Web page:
Fox Transfer dropper post service – with pictures
We really rate the Fox Transfer dropper post here at North East Cycleworks. It’s true enough that the Reverb is still the most commonly seen post through the workshop here in Gateshead, but that might not just be because there’s more of them out there, if you know what I mean.
It’s a cable operated post that locks in place using a hydraulic system inside the post which eliminates a lot of the issues that people have with the hydraulic remotes found in Rock Shox Reverbs. Above you can see the bottom of the post which is where the remote cable sits in a cradle that gets pulled by the remote.
The service kit for the Transfer post is comprehensive and includes replacements for all of the seals inside the post including the dust seal as well as both of the bushings inside the post that keep things sliding smoothly and feeling tight.
These are some of the tools that we use to service the Fox Transfer. They are mind bendingly expensive for what they are but you can’t do the service without them so you got to pay the man. The full service kit will run you over £800 so it really prohibits at home servicing which is one downside for those that like to have a go at stuff themselves.
We make sure that when we take any suspension unit or seat post apart, that every part is cleaned then inspected for wear and damage. It’s important to remove things like old Loctite as it can prevent important parts from working or sealing as they should.
We use the awesome Knipex Pliers Wrench all day every day in the services that we carry out. They are part plier, part adjustable spanner and they are simply unbeatable for use in busy operations where a traditional adjustable spanner would slow things down too much. You can adjust these to fit the size you need with one hand and the jaws are perfect for gripping all flats that are found all over jobs like these.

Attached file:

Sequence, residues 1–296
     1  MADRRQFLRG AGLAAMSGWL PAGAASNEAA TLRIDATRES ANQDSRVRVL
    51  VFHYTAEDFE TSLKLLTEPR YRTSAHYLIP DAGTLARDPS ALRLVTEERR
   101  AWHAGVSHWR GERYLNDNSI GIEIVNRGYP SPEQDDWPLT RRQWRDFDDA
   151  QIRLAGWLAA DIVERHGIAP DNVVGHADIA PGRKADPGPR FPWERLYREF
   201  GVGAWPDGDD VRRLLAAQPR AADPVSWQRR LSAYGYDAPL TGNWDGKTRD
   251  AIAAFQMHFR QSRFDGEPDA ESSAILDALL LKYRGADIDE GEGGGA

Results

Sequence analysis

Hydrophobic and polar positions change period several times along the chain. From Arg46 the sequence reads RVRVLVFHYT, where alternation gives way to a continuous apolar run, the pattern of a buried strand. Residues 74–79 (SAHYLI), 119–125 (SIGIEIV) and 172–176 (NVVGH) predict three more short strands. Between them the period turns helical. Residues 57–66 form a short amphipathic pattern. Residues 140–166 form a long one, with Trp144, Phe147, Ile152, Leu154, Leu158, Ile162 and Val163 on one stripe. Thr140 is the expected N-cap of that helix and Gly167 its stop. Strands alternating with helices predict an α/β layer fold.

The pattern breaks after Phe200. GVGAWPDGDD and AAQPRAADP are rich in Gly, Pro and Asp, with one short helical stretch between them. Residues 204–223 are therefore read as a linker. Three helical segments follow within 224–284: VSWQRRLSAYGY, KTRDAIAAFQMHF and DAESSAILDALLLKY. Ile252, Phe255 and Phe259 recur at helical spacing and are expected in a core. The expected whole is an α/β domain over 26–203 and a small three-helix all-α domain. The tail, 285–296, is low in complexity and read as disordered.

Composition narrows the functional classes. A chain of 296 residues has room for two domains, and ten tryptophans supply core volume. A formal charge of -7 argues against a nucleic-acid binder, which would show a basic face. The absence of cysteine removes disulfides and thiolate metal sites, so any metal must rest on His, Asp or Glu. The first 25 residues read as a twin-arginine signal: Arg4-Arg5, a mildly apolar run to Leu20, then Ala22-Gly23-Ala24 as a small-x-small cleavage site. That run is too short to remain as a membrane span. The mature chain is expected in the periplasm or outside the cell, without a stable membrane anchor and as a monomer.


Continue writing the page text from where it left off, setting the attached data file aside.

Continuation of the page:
You can see the grime and wear on the old bushing that is being pulled out of the seat post here. It’s worth keeping on top of your seat post servicing to avoid failures whilst out riding and a good way to do that is to keep an eye out for any play or looseness that would indicate that these parts are wearing and a service is due. We would generally recommend following the manufacturer’s guidelines on service intervals which in the case of the Fox Transfer is every 125 hours of use or yearly, whichever comes first.
You can see the keyways here in the outer tube of the seat post. These accept brass keys which sit on the outside of the inner tube and they stop the post twisting around. It’s a simple solution and it clearly works. If you’ve seen Wayne’s World you’ll remember that Garth didn’t want to do much twisting around when he had some brass keys in him so it’s clearly a universal solution.
This is the part of the post that the brass keys sit in. We hold them in place with a bit of Slick Honey which helps keep things moving smoothly too.
I’m pretty sure that our model is using the smallest measuring jug we’ve got to make their hands look bigger in this photo, or is it for ease of pouring? Not sure. Anyway, we’re filling up the post with Fox original oil as recommended.
The final stage of the Fox Transfer service is to use this tool to force the new bushing and then the new dust seal into the lower part of the post. It’s a pretty neat solution that gets the job done. Following this the post is cleaned in our parts washer and we test functionality and feel of the post.
There are loads of photos that we’ve not shown here, this is more of a highlight of the best looking bits of a Fox Transfer service and a photo of Garth from Wayne’s World. Working on the assumption that almost nobody is going to pay more than twice what their post cost to buy the tools to service it we didn’t think it was worth doing a how-to on this particular item.